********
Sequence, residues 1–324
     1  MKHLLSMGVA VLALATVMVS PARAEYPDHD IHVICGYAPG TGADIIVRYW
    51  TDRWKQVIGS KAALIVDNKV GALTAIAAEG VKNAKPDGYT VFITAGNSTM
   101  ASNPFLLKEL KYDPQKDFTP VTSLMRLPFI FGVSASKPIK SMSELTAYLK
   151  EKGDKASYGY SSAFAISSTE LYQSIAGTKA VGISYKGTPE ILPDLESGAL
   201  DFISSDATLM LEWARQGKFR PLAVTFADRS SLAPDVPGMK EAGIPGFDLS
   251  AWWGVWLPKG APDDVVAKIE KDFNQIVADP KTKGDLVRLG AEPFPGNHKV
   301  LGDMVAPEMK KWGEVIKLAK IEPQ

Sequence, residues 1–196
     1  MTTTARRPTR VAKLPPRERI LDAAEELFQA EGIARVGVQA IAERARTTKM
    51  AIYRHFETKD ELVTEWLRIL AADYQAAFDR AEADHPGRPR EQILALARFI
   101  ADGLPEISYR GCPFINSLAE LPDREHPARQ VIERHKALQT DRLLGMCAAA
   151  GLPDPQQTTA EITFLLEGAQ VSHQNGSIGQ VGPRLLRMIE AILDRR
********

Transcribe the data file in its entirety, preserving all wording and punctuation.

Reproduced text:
Sequence, residues 1–324
     1  MKHLLSMGVA VLALATVMVS PARAEYPDHD IHVICGYAPG TGADIIVRYW
    51  TDRWKQVIGS KAALIVDNKV GALTAIAAEG VKNAKPDGYT VFITAGNSTM
   101  ASNPFLLKEL KYDPQKDFTP VTSLMRLPFI FGVSASKPIK SMSELTAYLK
   151  EKGDKASYGY SSAFAISSTE LYQSIAGTKA VGISYKGTPE ILPDLESGAL
   201  DFISSDATLM LEWARQGKFR PLAVTFADRS SLAPDVPGMK EAGIPGFDLS
   251  AWWGVWLPKG APDDVVAKIE KDFNQIVADP KTKGDLVRLG AEPFPGNHKV
   301  LGDMVAPEMK KWGEVIKLAK IEPQ

Sequence, residues 1–196
     1  MTTTARRPTR VAKLPPRERI LDAAEELFQA EGIARVGVQA IAERARTTKM
    51  AIYRHFETKD ELVTEWLRIL AADYQAAFDR AEADHPGRPR EQILALARFI
   101  ADGLPEISYR GCPFINSLAE LPDREHPARQ VIERHKALQT DRLLGMCAAA
   151  GLPDPQQTTA EITFLLEGAQ VSHQNGSIGQ VGPRLLRMIE AILDRR